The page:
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Lawmakers Face Big Fines for Livestreaming

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Congressional representatives who livestream or take photos from the chamber floor now face fines up to $2,500.

The resolution was included in the Rules for the 115th Congress, which passed Tuesday in a 234-193 vote that went along party lines. The sergeant-at-arms can impose a $500 fine on representatives for the first offense of “the use of an electronic device for still photography or for audio or visual recording or broadcasting.” Fines for repeat offenses jump to $2,500 and can be deducted from officials' paychecks.

The ban is a response to the Democrats’ 25-hour sit-in to demand action on gun control after the Pulse nightclub shooting in Orlando. House leadership closed the session and turned off C-SPAN cameras, so Democrats turned to their smartphones to Facebook Live, Periscope, tweet and otherwise broadcast their protest.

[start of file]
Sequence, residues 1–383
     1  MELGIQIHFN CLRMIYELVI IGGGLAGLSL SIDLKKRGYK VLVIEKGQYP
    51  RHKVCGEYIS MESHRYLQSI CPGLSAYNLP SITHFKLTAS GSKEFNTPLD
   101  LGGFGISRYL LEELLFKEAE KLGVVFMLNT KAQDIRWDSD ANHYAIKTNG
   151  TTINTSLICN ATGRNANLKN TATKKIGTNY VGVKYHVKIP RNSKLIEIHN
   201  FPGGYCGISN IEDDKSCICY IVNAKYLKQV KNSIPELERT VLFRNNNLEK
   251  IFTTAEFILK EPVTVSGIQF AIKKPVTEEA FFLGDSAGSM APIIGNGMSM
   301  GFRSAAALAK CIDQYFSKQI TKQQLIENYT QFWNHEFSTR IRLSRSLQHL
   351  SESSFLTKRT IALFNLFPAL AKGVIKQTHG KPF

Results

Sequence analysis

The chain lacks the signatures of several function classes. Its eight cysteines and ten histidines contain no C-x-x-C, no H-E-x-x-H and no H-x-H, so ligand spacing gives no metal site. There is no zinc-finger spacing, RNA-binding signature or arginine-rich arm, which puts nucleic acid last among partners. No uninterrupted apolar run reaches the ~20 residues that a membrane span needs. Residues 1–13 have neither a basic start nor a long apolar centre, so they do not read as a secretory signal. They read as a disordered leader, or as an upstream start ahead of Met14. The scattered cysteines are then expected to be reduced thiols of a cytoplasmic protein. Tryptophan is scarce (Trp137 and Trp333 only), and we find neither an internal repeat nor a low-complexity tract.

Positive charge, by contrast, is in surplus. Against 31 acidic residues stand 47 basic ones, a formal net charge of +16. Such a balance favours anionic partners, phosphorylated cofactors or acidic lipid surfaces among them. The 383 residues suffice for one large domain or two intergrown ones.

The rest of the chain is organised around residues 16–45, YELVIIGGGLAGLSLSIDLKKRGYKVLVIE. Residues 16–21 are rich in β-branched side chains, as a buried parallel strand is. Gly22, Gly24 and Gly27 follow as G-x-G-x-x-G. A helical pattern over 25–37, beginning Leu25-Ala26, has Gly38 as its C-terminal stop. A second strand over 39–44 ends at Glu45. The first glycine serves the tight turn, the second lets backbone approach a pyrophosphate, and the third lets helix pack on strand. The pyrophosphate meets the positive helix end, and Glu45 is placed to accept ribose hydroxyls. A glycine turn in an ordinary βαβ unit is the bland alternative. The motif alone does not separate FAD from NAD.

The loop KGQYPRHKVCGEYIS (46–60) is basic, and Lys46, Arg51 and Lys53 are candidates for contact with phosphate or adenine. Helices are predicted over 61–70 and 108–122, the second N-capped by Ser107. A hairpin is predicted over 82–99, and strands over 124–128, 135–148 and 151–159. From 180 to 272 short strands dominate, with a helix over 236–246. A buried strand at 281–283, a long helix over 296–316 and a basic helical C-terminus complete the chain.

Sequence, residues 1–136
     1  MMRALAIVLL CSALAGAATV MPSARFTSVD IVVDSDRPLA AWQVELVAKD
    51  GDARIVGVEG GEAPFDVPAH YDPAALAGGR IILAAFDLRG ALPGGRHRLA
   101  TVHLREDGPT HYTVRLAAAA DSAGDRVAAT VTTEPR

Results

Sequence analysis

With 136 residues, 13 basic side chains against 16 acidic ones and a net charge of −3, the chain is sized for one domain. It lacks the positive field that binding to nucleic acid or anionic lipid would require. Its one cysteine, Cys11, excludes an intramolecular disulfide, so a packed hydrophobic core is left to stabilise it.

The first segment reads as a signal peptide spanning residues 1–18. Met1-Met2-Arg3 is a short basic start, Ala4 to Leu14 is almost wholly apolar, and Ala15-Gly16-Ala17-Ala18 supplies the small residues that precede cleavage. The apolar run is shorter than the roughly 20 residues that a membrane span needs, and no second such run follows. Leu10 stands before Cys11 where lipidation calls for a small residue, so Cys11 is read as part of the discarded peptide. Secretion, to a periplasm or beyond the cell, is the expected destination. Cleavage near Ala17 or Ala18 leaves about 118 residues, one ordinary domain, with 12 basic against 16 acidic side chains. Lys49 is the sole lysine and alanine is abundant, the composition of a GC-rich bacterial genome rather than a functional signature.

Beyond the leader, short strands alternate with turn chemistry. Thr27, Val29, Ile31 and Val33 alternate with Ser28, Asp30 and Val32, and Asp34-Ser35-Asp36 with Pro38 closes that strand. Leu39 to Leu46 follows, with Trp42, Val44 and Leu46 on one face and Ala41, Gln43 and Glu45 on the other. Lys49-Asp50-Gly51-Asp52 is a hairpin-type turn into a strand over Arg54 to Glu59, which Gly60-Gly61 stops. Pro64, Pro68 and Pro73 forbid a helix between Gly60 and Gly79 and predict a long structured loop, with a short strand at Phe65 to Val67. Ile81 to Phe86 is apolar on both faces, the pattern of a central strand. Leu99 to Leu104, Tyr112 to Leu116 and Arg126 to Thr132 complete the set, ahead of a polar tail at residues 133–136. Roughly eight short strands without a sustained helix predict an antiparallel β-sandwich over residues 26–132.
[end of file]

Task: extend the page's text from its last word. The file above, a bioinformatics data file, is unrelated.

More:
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Speaker Paul Ryan, R-Wis., called the event a publicity stunt and aimed to add teeth to the already existing rule that prohibits members from using cameras.

Democrats opposed the fines, arguing the rule may violate the Constitution, violates their rights to free speech and blocks transparency. They also argued they had no due process to challenge fines, though lawmakers revised the resolution to allow officials 30 days to appeal to the Committee on Ethics.

The resolution charges the sergeant-at-arms and the ethics committee with hammering out the policies and procedures.

“We must never, ever give up the right to protest for what is right, what is good, and what is necessary #goodtrouble,” tweeted Rep. John Lewis, D-Ga., a civil rights icon and one of the June sit-in organizers.

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